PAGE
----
Dealing with side effects of treatment for prostate cancer
Unfortunately, treatment for cancer of the prostate can cause unpleasant and distressing side effects, both short and long-term.
Sexual problems/erection difficulties
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Any prostate cancer treatment can make you less interested in sex. This is known as loss of libido and is common to many illnesses, not just cancer. Erection difficulties (impotence) are also a fairly common side effect of prostate cancer treatment. However, the problems may not be permanent and can sometimes be caused by anxiety rather than the treatment itself.
Many men find it difficult to talk about such personal subjects as erection problems, particularly with their doctor or other medical staff. Some men also find it difficult to talk to their partner, if they have one, for fear of rejection - but these fears are often unfounded. Sexual relationships are built on many things, such as love, trust and common experiences. It can help to talk to your partner about your fears and worries.
You may find it helpful to read our information about relationships and communication.
If you find the effect on your sex life difficult to deal with you could discuss this with your doctor. Although you may worry that this will be embarrassing, doctors who deal with prostate cancer are very used to talking about these issues and will be able to give you advice. There are practical ways to help overcome impotence and your doctor will be able to give you further information about them. Most hospitals also have specialist nurses who can discuss the issues with you.
If you have problems getting or maintaining an erection there are many options to help. They may give you an erection, but won’t necessarily increase your feelings of arousal.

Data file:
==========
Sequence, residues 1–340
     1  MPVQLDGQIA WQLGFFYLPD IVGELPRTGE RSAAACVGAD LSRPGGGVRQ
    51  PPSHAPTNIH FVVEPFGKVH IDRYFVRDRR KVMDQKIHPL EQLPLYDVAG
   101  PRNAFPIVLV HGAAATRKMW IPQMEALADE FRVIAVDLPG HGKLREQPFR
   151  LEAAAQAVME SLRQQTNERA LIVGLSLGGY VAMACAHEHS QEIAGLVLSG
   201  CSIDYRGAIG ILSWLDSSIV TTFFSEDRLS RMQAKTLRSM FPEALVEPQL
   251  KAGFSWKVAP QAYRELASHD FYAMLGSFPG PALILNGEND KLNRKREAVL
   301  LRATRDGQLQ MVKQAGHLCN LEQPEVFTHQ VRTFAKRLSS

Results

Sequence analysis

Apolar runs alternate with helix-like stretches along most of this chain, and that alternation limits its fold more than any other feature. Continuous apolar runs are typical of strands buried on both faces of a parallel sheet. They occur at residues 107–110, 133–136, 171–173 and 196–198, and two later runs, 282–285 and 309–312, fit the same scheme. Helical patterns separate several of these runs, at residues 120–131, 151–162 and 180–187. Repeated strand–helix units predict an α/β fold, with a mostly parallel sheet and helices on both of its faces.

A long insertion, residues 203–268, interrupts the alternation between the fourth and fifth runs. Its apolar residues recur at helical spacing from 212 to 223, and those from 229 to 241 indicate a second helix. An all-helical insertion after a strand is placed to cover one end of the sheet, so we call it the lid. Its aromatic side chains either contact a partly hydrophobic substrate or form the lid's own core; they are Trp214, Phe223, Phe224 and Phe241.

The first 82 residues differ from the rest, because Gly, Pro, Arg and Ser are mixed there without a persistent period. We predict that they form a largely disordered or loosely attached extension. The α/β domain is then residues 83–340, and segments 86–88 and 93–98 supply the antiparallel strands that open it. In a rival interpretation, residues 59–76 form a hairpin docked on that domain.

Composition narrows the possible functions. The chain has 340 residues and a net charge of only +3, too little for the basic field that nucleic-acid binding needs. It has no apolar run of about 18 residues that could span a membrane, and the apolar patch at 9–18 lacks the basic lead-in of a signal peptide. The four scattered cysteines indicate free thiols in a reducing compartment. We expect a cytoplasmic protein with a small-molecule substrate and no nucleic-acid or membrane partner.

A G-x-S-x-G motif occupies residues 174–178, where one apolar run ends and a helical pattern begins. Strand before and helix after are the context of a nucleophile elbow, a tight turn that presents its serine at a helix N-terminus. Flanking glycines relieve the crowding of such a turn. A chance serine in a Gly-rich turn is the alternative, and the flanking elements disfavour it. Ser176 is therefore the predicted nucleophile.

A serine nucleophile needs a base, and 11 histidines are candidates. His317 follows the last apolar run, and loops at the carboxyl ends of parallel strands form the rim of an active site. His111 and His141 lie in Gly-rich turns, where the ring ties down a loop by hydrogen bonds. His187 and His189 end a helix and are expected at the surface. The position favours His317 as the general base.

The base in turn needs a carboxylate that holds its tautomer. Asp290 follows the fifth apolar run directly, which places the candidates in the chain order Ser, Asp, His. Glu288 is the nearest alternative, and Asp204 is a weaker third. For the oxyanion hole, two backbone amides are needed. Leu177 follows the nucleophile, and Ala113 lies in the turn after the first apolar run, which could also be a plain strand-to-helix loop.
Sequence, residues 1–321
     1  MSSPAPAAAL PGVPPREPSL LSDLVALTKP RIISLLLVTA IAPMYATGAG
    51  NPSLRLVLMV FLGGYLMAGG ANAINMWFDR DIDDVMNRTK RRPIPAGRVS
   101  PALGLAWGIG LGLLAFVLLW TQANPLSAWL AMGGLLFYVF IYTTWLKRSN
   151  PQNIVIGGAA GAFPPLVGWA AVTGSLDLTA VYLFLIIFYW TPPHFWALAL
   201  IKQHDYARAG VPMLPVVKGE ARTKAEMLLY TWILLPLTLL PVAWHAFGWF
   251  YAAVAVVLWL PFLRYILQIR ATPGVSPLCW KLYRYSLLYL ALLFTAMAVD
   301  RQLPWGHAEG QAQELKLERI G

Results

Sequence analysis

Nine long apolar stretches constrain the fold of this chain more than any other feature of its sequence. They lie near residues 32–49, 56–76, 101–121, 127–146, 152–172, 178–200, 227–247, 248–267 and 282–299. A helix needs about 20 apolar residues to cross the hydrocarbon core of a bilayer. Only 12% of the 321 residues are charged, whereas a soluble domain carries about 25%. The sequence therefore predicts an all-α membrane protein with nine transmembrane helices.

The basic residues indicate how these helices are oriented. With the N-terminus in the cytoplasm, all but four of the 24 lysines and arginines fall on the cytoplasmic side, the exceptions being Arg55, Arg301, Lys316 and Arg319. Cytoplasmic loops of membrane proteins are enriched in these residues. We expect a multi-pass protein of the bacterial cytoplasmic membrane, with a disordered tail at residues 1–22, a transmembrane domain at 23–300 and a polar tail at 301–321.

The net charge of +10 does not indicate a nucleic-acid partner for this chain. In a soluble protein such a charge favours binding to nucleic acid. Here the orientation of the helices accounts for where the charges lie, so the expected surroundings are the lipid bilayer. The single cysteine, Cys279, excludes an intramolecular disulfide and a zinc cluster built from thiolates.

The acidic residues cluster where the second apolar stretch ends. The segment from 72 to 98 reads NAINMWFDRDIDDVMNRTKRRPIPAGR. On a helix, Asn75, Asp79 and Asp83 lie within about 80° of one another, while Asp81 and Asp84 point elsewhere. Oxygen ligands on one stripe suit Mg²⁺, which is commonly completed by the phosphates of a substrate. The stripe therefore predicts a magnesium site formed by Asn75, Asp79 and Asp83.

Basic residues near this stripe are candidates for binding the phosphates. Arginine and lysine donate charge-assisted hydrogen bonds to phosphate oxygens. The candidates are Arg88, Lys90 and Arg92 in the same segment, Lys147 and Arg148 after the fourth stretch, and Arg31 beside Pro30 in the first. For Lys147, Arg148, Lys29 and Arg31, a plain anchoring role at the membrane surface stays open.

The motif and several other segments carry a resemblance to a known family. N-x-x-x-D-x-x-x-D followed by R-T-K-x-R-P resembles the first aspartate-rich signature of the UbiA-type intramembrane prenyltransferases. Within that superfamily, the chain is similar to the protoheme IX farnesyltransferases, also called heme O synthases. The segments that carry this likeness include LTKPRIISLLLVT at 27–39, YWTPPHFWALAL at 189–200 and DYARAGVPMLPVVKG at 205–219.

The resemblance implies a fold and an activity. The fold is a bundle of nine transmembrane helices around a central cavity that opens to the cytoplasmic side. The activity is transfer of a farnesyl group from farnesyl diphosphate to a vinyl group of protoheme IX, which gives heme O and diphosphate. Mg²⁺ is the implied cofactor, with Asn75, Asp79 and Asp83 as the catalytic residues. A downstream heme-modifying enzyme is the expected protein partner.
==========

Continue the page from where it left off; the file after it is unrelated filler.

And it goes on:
The tablets sildenafil, vardenafil and tadalafil have similar benefits and risks. They all require sexual stimulation in order to achieve an erection and can all cause erections that last a long time. If the erection lasts for more than two hours it can damage the tissues of the penis If this happens you should get medical help as soon as possible. The tablets shouldn’t be taken if you are taking some types of heart medicines (nitrates).
Sildenafil (Viagra®) tablets can help produce an erection by increasing the blood supply in the penis. They are usually taken an hour before lovemaking, and an erection then occurs following direct sexual stimulation. These tablets should be prescribed by your GP. They can cause side effects which include heartburn, headaches, dizziness and visual changes.
Vardenafil (Levitra®) tablets are similar to sildenafil. They normally work within 25-60 minutes. The most common side effects are headaches and flushing of the face.
Tadalafil (Cialis®) tablets can be taken up to 24 hours before sex. They work by increasing the blood supply to the penis and have similar side effects to sildenafil and vardenafil.
Your doctor can prescribe sildenafil, vardenafil or tadalafil for you on the NHS.
Some men may be able to use injections of drugs called alprostadil (Caverject®, Viridal®) or papaverine. A small needle is used to inject directly into the penis, which can cause an instant erection. The drugs restrict blood flow and trap blood in the penis. Some experimentation is often needed at first to get the dose right.
One of the possible side effects is that if too much of the drug is given, the erection stays for too long and there is a danger of damaging the tissues. If the erection lasts longer than two hours, you should get medical help as soon as possible.
The injections are prescribed by your GP. This method is not recommended to be used more than once a week.